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  1. 1. 54 ‡ÊÊœ, ‚◊ˡÊÊ •ÊÒ⁄U ◊ÍÀÿÊ¢∑§Ÿ (•ãÃ⁄U⁄UÊCÔ˛UËÿ ‡ÊÊœ ¬ÁòÊ∑§Ê)—ISSN-0974-2832,Vol. II, Issue-11-12 (Dec.2009—Jan.2010) PREVALENCE OF GENDER DISCRIMINATION IN MEHSANA DISTRICT–AN ANALYSIS * Shastri Hasumati D ** Dr. Santosh Ahlawat Research paper—Extn. & Communication Management Nature does not discriminate between male & characteristics & their overall perceptions. female. Hence their number in an ideal society are Research Methodology : Present Study was almost equal. No doubt Gender equality is enshrined conducted in purposively selected Unjha and Visnagar in the Indian constitution also but society discriminate talukas of Mehsana district because foeticide rate was women and girls in almost every walk of life. Female highest in this talukas. (See table No.1) Two Hundred foeticide and infanticide are examples of denial of life parents (100 Mothers & 100 Fathers) were selected itself.(See table no.1) Sex of foetus is determined and if randomly. Perception of rural parents towards gender it is found to be female, its life is terminated even in the discrimination with respect to preference for girl child, highly educated families. At the later stage of life, female their education and nutrition and healthcare of girl child children are relatively deprived in the family in terms were studied as dependent variables. Personal socio- of nutrition and healthcare.(See table no.2)Girl babies economic, communicational and psychological tend to be breastfed for shorter periods of time and as characteristics of rural parents were studied as they get older receive smaller portions of food, independent Variables. A pre-structured and pre-tested particularly quality food e.g. milk, fruits and vegetables interview scheduled was used for collecting data. Data than that of boys. When serving food, women serve were collected by personal interview technique. larger portions to their husbands and male children Statistical analysis was done by computing first only then do they feel their female children and frequencies, percentages, Mean Standard deviation they tend to ignore the importance of their own food correlation coefficient (‘r’) test and ‘z’ test. The above requirements.(Capoor et. al., 2000) Even girl’s education figures presented in above table 3 revealed that is still given low priority because primary concern of disparity in educational level of Males & Females exist rural people is livelihood. Siddhanta and Nandy (2003) in all the talukas of Mehsana district. Though in Unjha in their study found wide disparity in educational level and Visnagar talukas, educational level of women is of males and females in Gujarat and indicated that both comparatively high but female foeticide rate is also in rural and urban sectors gender gap in education high comparison of other talukas. This indicates the development was largely due to gender gap in average positive relationship between education and gender years of schooling.(See table no.3 & 4) discrimination. It can be inferred that, economic Objectives:- 1. To study the overall perceptions prosperity alone can not ensure gender equality in of rural parents towards gender discrimination with education in Indian Society. Improvement in average regard to preference for girl child, nutrition & years of schooling for female was suggested as healthcare and Education of girl child. 2. To find out effective policy prescription. the difference in the overall perceptions of rural Parents Result and Discussion : (fathers & mothers), with regard to their preference for Data presented in above table 4 indicated that the girl child, Education and nutrition & healthcare. 3. majority perceptions of rural parents and negative To find out the relationship if any between rural parents perceptions towards girl child. Only 12% parents *Assistant prof.(Deptt. of Extn. & Communication Management) SDAU,S.K.Nagar. **Prof. (Deptt. of Extn. & Communication Management) SDAU, S.K.Nagar.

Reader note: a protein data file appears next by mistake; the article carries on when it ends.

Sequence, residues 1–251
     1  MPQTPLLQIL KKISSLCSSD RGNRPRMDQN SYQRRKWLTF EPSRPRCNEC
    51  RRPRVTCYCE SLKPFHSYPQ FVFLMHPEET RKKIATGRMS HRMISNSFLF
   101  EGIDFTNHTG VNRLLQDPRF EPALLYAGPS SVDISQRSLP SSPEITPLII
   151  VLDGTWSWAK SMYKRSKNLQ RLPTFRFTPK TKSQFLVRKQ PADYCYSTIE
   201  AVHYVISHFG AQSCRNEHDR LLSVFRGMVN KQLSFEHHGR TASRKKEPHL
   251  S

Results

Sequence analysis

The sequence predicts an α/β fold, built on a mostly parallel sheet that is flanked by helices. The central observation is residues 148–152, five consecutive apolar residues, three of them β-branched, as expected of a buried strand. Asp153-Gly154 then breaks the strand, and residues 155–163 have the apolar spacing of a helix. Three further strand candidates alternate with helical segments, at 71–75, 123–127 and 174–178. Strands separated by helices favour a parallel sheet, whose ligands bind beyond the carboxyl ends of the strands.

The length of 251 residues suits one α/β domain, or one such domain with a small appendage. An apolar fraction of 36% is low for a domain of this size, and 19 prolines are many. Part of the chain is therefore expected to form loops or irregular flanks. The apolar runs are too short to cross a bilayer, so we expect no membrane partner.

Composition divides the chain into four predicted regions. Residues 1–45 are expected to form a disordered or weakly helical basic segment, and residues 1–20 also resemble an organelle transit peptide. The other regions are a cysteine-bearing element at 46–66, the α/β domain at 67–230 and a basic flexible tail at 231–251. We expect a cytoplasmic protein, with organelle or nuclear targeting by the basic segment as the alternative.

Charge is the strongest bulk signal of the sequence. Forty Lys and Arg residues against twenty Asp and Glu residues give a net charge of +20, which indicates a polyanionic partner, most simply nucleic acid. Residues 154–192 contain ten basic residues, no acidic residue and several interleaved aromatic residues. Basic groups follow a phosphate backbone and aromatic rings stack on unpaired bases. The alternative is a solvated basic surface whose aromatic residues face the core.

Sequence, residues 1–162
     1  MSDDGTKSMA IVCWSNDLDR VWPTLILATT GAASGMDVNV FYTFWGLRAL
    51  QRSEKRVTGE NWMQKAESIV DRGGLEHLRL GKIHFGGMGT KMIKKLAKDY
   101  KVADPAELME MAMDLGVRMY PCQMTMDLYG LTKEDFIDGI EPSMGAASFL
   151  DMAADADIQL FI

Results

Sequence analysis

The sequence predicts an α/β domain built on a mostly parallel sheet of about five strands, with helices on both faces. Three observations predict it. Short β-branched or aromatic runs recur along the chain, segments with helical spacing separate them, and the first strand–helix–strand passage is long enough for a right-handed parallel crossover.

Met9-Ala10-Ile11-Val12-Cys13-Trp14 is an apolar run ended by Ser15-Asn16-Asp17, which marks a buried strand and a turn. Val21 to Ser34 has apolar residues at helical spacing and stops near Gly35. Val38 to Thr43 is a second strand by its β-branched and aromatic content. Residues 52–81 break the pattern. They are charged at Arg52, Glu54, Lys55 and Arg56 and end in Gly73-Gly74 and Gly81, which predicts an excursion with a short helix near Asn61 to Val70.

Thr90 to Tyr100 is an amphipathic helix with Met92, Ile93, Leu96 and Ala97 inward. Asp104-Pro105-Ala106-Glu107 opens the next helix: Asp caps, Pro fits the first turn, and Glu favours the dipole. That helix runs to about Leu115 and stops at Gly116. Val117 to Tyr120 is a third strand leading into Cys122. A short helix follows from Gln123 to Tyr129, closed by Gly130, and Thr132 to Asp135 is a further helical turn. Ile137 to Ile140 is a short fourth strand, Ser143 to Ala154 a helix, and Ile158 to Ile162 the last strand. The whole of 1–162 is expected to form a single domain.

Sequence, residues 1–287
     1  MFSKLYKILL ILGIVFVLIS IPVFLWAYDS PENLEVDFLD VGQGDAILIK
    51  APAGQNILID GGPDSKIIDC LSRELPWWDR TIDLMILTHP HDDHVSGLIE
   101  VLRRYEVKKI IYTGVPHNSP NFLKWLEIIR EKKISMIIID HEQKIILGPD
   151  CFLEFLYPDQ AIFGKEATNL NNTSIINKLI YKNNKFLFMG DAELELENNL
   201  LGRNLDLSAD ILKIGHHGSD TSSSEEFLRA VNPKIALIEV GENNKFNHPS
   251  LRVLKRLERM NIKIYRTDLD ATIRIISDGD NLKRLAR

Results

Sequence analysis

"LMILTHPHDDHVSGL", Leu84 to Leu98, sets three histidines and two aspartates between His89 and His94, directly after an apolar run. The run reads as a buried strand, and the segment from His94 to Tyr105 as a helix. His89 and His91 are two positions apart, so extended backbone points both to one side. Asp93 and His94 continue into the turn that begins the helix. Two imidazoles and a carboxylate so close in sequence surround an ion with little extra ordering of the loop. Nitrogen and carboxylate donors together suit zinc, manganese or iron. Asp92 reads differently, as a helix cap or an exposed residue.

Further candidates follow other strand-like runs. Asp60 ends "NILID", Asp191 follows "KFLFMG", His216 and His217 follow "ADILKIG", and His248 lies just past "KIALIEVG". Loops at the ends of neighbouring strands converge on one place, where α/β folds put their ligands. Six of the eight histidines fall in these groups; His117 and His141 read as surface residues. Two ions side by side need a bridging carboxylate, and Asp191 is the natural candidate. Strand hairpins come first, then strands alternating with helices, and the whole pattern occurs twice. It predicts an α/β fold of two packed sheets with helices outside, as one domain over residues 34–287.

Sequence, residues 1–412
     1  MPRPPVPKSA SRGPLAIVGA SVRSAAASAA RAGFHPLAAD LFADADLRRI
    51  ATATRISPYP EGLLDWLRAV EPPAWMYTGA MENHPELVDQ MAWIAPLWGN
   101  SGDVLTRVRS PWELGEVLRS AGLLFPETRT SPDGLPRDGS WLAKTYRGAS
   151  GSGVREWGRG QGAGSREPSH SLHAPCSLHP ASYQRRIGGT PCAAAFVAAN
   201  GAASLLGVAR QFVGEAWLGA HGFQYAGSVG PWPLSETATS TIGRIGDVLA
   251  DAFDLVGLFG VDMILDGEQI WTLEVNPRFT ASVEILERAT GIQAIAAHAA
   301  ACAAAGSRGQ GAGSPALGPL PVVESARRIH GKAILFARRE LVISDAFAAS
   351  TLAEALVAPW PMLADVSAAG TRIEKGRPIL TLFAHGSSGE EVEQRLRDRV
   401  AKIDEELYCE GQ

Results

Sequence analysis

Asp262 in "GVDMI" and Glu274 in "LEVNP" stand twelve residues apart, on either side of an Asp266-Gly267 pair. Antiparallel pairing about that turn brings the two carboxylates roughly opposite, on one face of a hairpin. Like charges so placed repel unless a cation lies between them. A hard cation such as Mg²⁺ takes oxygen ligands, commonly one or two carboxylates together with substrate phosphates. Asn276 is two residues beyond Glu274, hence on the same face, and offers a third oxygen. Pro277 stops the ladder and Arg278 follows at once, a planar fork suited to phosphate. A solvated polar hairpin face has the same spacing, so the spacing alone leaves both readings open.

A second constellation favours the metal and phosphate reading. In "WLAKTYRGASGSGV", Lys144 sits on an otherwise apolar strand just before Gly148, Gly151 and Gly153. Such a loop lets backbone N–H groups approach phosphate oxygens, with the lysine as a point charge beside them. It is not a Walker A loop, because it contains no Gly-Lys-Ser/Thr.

2. 2. Shodh, Samiksha aur Mulyankan (International Research Journal)—ISSN-0974-2832,Vol. II, Issue-11-12 (Dec.2009—Jan.2010) 55 Table No. 1 Sex ratio of women and femele child in Table: 2 Health and Nutritional Status of Mehsana District. Women in India and Gujarat. Sr. Female sex Increase in Sr. Indicator India Gujarat No. Taluka ratio (%) Female foeticide child sex ratio rate (%) No. (0-6 years) 1. Unjha 932 734 21.45 1. Sex Ratio (Adult) 933/1000 921/1000 2. Visnagar 917 770 16.08 2. Sex Ratio (0-6 Years) 927/1000 878/1000 3. Mehsana 912 772 15.36 4. Vijapur 925 782 14.46 3. Maternal Mortality rate 0.44 % 3.89 % 5. Bechraji 951 856 10.00 4. Infant Mortality rate 6.4 % 6.4 % 6. Kheralu 938 873 6.93 7. Satlasana 951 876 7.89 5. Life expectancy of female at birth 63 Years 62.77 Years 8. Vadnagar 970 859 - 9. Kadi 917 802 - 6. Anemia in Pregnant women 50-90 % 46.3 % Total :- 926 798 13.23 (Source : Census 2001) (Sourece : Census 2001, NFHS-2, 1998-99) Table : 3 Educational Levels of Females and Table : 5 Perceptions of parents towards nutrition Males in Mehsana District (Gujarat) and health care of girl child. (n= 200) Sr. Sr. Talukas Female (%) Male (%) Types of perception Frequency Percentage No. No. 1. Unjha 72.3 89.60 1. Negative (12-19) 10 5 2. Visnagar 69.96 88.89 3. Mehsana 67.82 88.53 2. Neutral (20-27) 17 8.5 4. Vijapur 66.80 87.14 3. Positive (28-36) 173 86.5 5. Bechraji 53.25 83.08 6. Kheralu 52.06 79.92 Table: 6 Perceptions of rural parents towards 7. Satlasana 44.03 77.36 education of girl child. (n= 200) 8. Vadnagar 55.62 84.31 9. Kadi 61.91 85.65 Sr. Type of perceptions Frequency Percentage 10. Gujarat 58.60 80.50 No. 1. Negative (12-19) 48 24 (Source : Population census, 2001). 2. Neutral (20-27) 32 16 Gender Gap in Literacy Rates, 2001. 3. Positive (28-36) 120 60 Sr. Type of perceptions Frequency Percentage Table: 7 Significant difference in the perceptions No. of rural parents towards preference for girl child. 1. Negative (4-6) 117 58.5 Mean Mean Standard (n1'Z' value nResults = 100; 2 = 100) 2. Neutral (7-9) 59 29.5 difference error of mean 3. Positive (10-12) 24 12 difference Fathers 6.4900 0.240 0.287 0.837 NS Table : 4 Perceptions of rural parents towards Mothers 6.7300 preference for the girl child. (n = 200) Sr. Type of perceptions Frequency Percentage No. NS= Non Significant 1. Negative (4-6) 117 58.5 2. Neutral (7-9) 59 29.5 3. Positive (10-12) 24 12